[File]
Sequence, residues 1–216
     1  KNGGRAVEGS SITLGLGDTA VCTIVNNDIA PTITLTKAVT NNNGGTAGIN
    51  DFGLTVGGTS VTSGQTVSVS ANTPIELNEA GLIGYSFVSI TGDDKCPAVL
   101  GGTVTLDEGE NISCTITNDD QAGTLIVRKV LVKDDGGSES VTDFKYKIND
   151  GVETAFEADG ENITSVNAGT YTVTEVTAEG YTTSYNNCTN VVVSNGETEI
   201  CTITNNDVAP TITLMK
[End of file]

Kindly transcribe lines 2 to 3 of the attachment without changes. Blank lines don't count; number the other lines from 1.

     1  KNGGRAVEGS SITLGLGDTA VCTIVNNDIA PTITLTKAVT NNNGGTAGIN
    51  DFGLTVGGTS VTSGQTVSVS ANTPIELNEA GLIGYSFVSI TGDDKCPAVL